[Review] M Night Shyamalan’s KNOCK AT THE CABIN is More ‘Heartfelt’ than ‘Horror’, More ‘Safe’ than ‘Suspenseful’

M Night Shyamalan’s Knock at the Cabin promises the end of the world ..and not much else. The film follows a loving family, queer couple Eric (Jonathan Groff) & Andrew (Ben Aldridge) and their adopted daughter Wen (Kristen Cui), who must confront a group of end-of-the-world cultists that invade their isolated vacation home.

Knock at the Cabin surprises with the unique casting choice of Dave Bautista as the lead antagonist and an enticing premise, but overall meddles with safe and bland execution — a surprise for Shyamalan, who reigns as the master of the twist.

 

 

The cinematography of Knock at the Cabin is one of its greatest strengths. The movie is shot almost entirely from the perspective of the family, and while this isn’t necessarily a new technique in horror movies, it’s still effective in creating a sense of dread and unease as the audience watches the family’s every move. This is all the while the film holds its cards tight to its chest. We know as much as our protagonists do, and Knock at the Cabin keeps us with our troubled family throughout their harrowing home invasion.

The casting of Dave Bautista as the lead antagonist is also a unique choice, and though it takes some getting used to… it works. Bautista is known primarily for his roles in action films, but here he shows surprising range, with a soft-spoken but menacing presence that drives the movie forward. His performance is one of the highlights of the film, and it’s a great example of how to use an otherwise unlikely actor in a horror movie.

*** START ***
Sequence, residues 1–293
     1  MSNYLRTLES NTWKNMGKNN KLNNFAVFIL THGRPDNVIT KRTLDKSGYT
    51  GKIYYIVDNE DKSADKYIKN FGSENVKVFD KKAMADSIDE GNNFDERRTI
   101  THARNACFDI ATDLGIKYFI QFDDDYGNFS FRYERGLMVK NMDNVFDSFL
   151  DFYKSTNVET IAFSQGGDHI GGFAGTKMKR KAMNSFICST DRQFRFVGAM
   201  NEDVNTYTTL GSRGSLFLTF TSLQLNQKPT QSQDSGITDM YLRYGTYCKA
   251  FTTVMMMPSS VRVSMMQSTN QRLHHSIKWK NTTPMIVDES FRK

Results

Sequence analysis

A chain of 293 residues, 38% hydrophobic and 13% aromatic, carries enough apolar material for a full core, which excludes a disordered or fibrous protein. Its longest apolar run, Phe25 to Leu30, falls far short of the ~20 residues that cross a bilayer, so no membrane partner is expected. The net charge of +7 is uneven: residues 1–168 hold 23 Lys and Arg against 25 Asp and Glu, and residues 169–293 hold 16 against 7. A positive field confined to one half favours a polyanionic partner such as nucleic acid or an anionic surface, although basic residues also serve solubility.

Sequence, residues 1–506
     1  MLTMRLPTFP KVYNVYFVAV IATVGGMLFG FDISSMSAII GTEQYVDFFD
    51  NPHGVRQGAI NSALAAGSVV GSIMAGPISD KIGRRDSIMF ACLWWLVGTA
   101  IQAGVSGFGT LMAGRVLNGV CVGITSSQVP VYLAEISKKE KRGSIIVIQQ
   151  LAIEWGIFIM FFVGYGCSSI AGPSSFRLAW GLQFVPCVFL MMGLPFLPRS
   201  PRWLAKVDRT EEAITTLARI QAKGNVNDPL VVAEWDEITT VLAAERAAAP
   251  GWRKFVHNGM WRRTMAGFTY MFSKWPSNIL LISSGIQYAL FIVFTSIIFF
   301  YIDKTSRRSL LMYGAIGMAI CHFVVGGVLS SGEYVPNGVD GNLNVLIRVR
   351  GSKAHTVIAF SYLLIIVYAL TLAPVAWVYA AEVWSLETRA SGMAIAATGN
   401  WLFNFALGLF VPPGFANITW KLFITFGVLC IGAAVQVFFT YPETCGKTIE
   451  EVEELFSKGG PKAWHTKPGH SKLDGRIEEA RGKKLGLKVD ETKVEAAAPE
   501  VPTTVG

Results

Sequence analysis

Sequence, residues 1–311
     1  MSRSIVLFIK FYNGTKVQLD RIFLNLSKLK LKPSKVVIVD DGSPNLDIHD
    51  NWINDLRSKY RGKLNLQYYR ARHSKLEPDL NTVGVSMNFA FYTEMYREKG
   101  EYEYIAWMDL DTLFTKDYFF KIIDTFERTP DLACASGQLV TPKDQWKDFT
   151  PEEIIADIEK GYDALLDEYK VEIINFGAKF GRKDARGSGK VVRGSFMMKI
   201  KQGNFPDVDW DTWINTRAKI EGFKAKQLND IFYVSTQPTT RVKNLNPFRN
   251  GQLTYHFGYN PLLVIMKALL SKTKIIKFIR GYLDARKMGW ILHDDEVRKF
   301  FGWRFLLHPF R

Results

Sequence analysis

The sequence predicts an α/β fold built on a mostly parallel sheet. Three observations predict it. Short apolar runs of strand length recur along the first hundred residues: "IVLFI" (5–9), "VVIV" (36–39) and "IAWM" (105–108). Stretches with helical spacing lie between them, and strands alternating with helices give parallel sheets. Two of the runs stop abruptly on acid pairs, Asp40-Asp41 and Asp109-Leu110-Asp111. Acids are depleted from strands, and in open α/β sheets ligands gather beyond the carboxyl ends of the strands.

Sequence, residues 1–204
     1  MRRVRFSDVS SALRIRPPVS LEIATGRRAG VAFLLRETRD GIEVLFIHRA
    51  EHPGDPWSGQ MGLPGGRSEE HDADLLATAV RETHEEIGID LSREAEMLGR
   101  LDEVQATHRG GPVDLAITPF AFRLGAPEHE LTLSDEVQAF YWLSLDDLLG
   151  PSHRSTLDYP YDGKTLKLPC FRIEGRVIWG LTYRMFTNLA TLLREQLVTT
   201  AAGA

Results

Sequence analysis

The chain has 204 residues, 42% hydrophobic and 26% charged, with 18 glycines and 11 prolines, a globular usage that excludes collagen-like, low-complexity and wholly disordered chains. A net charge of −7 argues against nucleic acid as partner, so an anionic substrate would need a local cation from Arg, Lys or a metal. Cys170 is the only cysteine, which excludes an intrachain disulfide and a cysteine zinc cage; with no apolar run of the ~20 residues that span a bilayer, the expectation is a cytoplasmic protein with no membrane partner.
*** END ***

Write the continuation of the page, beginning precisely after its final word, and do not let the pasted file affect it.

Knock at the Cabin’s biggest weakness is that it plays things too safe.

 

Unfortunately, Knock at the Cabin’s biggest weakness is that it plays things too safe. There are very few possibilities of how things can go — either it’s the end of the world or it isn’t — and the film doesn’t really weave in and out of ambiguity. That’s not inherently a bad thing, but the film lacks any real surprises or unexpected twists, leaving the audience pretty much just along for a heartfelt ride that’s more ‘It’s A Small World‘ than ‘Splash Mountain‘. The story is pretty straightforward and predictable, and the movie never really manages to build any lasting tension or suspense. It does what you expect it to, and nothing more.

 

 

Overall, Knock at the Cabin is a decent horror movie, but its flaws prevent it from being truly great. Its cinematography and casting are both strong points, but the film’s overall lack of spontaneity and surprise keep it from being anything more than an average horror movie. Fans of the genre will likely find something to enjoy here, but there’s nothing particularly special or noteworthy about it.

 

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[Review] M Night Shyamalan’s KNOCK AT THE CABIN is More ‘Heartfelt’ than ‘Horror’, More ‘Safe’ than ‘Suspenseful’
TL;DR
Overall, Knock at the Cabin is a decent horror movie, but its flaws prevent it from being truly great. Its cinematography and casting are both strong points, but the film’s overall lack of spontaneity and surprise keep it from being anything more than an average horror movie. Fans of the genre will likely find something to enjoy here, but there’s nothing particularly special or noteworthy about it. 
Casting
70
Cinematography
75
Suspense
50
Story
55
63
SCORE
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